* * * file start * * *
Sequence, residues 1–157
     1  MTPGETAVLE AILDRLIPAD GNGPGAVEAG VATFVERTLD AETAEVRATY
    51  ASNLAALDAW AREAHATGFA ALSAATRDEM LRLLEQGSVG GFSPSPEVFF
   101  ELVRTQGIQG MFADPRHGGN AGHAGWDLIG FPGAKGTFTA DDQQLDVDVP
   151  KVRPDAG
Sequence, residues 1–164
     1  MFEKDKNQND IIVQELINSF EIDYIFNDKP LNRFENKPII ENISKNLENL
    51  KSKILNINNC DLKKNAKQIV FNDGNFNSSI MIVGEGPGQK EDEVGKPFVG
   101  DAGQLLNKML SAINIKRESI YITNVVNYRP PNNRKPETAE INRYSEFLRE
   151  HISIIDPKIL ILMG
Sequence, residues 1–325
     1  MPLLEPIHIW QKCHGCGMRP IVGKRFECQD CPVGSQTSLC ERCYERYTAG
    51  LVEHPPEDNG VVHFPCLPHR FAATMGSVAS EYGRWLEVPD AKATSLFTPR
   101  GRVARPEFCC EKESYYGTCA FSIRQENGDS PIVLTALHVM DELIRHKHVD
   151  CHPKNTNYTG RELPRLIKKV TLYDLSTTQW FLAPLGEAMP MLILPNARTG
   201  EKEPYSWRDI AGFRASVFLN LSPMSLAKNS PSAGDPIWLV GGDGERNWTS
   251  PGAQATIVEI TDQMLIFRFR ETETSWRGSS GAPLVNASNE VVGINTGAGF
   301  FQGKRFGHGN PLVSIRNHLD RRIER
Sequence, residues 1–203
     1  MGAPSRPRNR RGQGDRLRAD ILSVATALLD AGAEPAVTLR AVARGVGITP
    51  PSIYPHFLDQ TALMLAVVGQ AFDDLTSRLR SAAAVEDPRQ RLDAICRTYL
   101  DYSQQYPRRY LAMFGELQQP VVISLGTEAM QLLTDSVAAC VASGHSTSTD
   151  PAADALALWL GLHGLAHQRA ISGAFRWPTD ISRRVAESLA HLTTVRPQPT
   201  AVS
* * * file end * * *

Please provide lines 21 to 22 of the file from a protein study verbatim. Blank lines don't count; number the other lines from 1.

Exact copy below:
    51  PSIYPHFLDQ TALMLAVVGQ AFDDLTSRLR SAAAVEDPRQ RLDAICRTYL
   101  DYSQQYPRRY LAMFGELQQP VVISLGTEAM QLLTDSVAAC VASGHSTSTD